SWOT Analysis for Twitter

Swot Analysis

 

Strengths

  • Gives people freedom  speech
  • Allows people who wouldn’t normally have an input on important matters, to give their opinion on current affairs
  • Even though the word count is low, people can still get their points across
  • If you go over the word count; you can link from within another page to allow followers to read the longer post
  • No advertising

 Weaknesses

  • Word count is limited
  • There is very limited filtering and moderation
  • It is open to anyone – could cause controversy if younger children were to go on it, especially concerning their safety – paedophiles

Opportunities

  • Could develop the ‘following’ scheme – possibly group different people you follow, in order to see the tweets that you class as more important; from different people
  • Has the ability to be the most popular and used social network in the world
  • Doesn’t advertise, but has ‘promoted tweets’ and ‘promoted themes’ which are paid for my different companies, and therefore they have the ability to develop into an extremely efficient way of advertising businesses; new products and themes

Threats

  • There is no filtering, so users have the ability to post discriminatory things on the site, as well as posts that may cause a reduction in the safety of the other users

Exam Question Practice

January 2011

06 New and digital media offers media institutions different ways of reaching audiences. Consider how ans why media institutions are using these techniques.

MEDIA INSTITUTIONS

YouTube; ‘Vlogging’ -> User controlled

Twitter; constant/instant posts/updates -> Businesses using for updating clients/promoting to potential clients -> millions can gain access to it.

Facebook; millions of users access it ->finding progress -> ‘liking’ pages -> keeping up to date with people/groups/organisations

Tumblr; personal -> images -> anon

Newspapers; DMonline -> constant updating and new article posted -> more efficient than traditional paper articles -> more than once daily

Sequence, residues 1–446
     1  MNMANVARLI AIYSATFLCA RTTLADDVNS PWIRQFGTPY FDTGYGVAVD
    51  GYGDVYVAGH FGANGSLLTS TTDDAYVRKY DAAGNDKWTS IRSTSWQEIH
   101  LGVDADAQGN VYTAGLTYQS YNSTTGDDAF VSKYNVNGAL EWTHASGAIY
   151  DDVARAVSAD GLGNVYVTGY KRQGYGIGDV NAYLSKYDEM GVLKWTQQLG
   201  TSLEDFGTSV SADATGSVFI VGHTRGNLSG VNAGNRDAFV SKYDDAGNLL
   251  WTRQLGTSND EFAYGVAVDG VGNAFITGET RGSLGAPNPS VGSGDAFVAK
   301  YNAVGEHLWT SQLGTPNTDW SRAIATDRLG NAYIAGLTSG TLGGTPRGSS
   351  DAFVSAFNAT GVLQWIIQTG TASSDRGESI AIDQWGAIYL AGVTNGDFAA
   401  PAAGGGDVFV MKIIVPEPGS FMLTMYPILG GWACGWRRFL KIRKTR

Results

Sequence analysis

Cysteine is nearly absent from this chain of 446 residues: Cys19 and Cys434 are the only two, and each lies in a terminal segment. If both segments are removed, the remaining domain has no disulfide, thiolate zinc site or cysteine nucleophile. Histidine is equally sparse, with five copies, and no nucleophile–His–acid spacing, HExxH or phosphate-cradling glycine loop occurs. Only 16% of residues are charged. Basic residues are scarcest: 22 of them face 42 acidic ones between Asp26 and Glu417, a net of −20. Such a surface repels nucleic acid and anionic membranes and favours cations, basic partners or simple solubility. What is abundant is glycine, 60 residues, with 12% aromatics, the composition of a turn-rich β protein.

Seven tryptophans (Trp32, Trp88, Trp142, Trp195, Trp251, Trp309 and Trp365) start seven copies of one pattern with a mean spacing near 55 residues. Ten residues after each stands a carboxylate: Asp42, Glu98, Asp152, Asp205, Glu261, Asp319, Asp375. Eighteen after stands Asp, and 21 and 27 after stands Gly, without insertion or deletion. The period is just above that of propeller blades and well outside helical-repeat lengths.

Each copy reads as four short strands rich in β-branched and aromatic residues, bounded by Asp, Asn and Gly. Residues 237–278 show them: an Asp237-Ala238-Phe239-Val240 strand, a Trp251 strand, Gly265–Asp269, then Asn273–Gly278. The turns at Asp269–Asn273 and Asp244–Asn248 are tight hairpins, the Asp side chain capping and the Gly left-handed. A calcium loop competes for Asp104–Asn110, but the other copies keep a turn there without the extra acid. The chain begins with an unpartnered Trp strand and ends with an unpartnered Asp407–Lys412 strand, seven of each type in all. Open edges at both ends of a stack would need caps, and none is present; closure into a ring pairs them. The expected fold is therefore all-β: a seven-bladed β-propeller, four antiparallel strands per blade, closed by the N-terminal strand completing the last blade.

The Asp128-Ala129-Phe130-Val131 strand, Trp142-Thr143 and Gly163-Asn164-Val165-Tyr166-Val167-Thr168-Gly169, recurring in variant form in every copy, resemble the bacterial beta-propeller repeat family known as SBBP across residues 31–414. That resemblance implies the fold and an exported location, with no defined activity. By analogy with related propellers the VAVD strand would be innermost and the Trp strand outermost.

EXAMPLE

BlackBerry Sever Crash; kept their users updated on progress (or lack off) via Twitter and Youtube    -> daily updates and reasurance (attempted) of network issues -> informing on what had gone wrong and what they were trying to do to fix it.

Case Study

In my case study I will be researching into the claim that  ‘Twitter rivals traditional news methods’.

Twitter is a product of New Media from web 2.0 and it allows normal, everyday people to instantainiously  post their own personal views  and provide them with freedom of speech, ultimately giving people a voice in society.

 It challenges traditional methods of delevering news and braodcasting people’s view on the subject as it allows people to react immediately where as the original way to learn of news and events happening around the world would be too wait for the 6 o’clock or 10 o’clock news; or to read the paper in the morning, whilst New Media products such as Twitter allow instant access to the news and gives people the opportunity to react to it.

Below are a few links that may help me with my research into the developments of New Media; specifically Twitter with Social Networking.

http://www.slideshare.net/SuperStarLeo/screencastfinal

http://www.socialmediaexplorer.com/media-journalism/think-traditional-media-is-on-the-online-ropes-think-again/

 http://copywriterscrucible.com/the-challenge-facing-the-traditional-media/

http://www.business2community.com/marketing/5-reasons-why-integrating-social-media-with-traditional-media-is-hard-066025

http://www.slideshare.net/Lillykemmy/new-media-vs-traditional-media-1080124

http://www.briansolis.com/2008/05/social-media-continues-to-rival/

http://kevin.lexblog.com/2008/05/articles/social-networking-1/social-media-particularly-blogs-challenging-traditional-media-new-study/

 

NunsMedia

Will Newspapers ever be able to charge for their online content?